All physicians, and a great many laymen, know The Lancet as one of the world's great medical journals. However, the man who founded The Lancet—and did much else to further the cause of medicine—is not well known. Thomas Wakley (1795-1862) achieved considerable fame in his lifetime as editor, reformer, politician, and coroner. Almost constantly he was challenging the status quo, and almost constantly he was embroiled in controversy. A generation after his death, in 1897, S. Squire Sprigge published a biography that had considerable vogue but soon went out of print. More recently, the book has become much sought after. Now a new facsimile edition makes available a major document for the study of 19th century medicine as well as the biography of a brave and able physician. Charles Roland furnishes a new 12-page introduction for this reprint edition.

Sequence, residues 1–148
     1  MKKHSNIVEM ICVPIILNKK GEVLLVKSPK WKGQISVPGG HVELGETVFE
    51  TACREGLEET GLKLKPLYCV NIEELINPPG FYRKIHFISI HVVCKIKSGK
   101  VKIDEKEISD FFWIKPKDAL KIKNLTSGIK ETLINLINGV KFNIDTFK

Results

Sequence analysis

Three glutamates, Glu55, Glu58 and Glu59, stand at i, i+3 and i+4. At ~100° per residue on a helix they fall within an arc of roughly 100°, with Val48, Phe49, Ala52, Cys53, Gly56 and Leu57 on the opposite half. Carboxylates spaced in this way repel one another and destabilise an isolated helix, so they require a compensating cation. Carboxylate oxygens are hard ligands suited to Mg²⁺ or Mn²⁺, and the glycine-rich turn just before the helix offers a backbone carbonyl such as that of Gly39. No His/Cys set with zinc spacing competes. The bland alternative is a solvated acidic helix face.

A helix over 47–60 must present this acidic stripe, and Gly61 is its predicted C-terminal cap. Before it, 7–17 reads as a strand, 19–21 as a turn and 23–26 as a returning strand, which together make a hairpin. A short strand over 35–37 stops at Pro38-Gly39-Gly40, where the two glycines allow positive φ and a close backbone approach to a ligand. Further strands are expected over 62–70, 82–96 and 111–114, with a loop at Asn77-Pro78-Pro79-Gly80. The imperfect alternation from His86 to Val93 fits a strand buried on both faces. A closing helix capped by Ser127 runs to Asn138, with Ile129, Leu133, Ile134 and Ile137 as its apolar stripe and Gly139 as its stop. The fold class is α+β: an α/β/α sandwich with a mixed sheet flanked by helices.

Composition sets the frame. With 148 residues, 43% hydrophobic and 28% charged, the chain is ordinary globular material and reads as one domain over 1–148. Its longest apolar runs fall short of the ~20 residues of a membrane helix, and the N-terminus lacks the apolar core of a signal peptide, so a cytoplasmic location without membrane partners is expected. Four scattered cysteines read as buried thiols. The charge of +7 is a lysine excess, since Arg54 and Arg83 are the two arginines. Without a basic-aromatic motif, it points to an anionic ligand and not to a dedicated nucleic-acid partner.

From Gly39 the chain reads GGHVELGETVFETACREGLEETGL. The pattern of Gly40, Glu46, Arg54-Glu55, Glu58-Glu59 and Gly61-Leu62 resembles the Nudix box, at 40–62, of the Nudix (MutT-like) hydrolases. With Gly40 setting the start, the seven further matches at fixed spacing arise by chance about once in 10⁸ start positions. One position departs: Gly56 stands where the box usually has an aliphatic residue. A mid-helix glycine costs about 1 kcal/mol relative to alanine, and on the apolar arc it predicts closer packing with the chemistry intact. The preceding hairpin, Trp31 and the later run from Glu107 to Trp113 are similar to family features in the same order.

The book illuminates the medical world of the mid-19th century